Submitted to: Applied Engineering in Agriculture
Publication Type: Peer Reviewed Journal
Publication Acceptance Date: 11/1/2008
Publication Date: 5/1/2010
Citation: Tuppad, P., Santhi, C., Wang, X., Williams, J.R., Srinivasan, R., Gowda, P. 2010. Simulation of conservation practices using the APEX model. Applied Engineering in Agriculture. 26(5):778-779. Interpretive Summary: Regulating agencies in the United States are investing substantial amounts for implementing various kinds of conservation practices and programs. Quantitative benefits of those programs and practices are necessary for future planning and resource allocation. However, long-term monitoring data needed for quantifying the benefits are not available. In this study, we demonstrated an approach to assess the impacts of conservation practices on water quality and quantity at both field and watershed levels. Results indicated that the proposed approach has the potential to be used for supporting projects such as the Conservation Effects Assessment Project that focused on the effects on conservation practices on water quality.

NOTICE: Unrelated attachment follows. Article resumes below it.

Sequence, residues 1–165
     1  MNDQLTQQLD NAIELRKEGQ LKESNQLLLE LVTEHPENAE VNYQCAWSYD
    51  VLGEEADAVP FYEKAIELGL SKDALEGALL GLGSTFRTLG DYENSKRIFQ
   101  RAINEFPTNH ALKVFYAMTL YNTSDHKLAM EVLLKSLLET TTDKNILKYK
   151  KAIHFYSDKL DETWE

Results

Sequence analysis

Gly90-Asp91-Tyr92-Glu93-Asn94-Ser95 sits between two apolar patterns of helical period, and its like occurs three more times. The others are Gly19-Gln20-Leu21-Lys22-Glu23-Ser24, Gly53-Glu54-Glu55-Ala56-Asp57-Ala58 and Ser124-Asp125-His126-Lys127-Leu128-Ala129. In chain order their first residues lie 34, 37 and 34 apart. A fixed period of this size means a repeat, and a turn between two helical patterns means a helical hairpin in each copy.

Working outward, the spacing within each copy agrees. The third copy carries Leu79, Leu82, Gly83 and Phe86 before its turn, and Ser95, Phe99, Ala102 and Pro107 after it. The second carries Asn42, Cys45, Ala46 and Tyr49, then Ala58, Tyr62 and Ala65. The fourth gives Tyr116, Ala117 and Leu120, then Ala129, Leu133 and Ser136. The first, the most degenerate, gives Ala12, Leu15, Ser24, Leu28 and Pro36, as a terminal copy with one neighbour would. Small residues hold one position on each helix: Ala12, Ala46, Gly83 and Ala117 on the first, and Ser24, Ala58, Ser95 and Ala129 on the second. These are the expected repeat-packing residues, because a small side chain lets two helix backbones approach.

Technical Abstract: Information on agricultural Best Management Practices (BMPs) and their effectiveness in controlling agricultural non-point source pollution is crucial in developing Clean Water Act programs such as the Total Maximum Daily Loads for impaired watersheds. A modeling study was conducted to evaluate various BMPs including pasture planting, nutrient management, brush management, clearing and range planting, prescribed grazing, critical area planting, conservation cropping, contour farming, terrace, ponds, grade stabilization structures, and grassed waterways implemented in a 280 square kilometers Mill Creek Watershed in north-central Texas. The main objective of this study was to assess the long-term impacts of BMPs, at both field and sub-watershed levels, on surface runoff, sediment, and nutrient losses using the Agricultural Policy/Environmental extender (APEX) model. Considering all BMPs, the average annual reductions in runoff, sediment, total nitrogen (TN), and total phosphorus (TP) at the field level ranged from 0 to 52%, 36% to 99%, 0 to 96%, and 15% to 92%, respectively. This reflects the variability in topography, soils, land-use, climate, and relative magnitude of these constituents entering the field from upstream contributing area. However, at the sub-watershed level, the reductions only ranged from 2.9% to 6.5% in runoff, 6.3% to 14.8% for sediment, 11% to 15.1% for TN, and 6.3% to 8.6% for TP. The impacts of BMPs on water quality varied depending on the type of practice and its location in the landscape. This study also showed that the reduction in sediment at the watershed outlet was proportional to the area treated with BMPs.